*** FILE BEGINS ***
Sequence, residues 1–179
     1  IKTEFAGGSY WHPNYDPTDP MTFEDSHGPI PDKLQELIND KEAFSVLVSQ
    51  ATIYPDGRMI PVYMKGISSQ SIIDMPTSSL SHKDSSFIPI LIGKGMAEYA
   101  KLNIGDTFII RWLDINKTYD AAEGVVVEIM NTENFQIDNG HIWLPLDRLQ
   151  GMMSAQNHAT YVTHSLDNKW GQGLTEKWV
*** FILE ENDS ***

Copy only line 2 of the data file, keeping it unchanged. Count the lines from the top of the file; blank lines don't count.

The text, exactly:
     1  IKTEFAGGSY WHPNYDPTDP MTFEDSHGPI PDKLQELIND KEAFSVLVSQ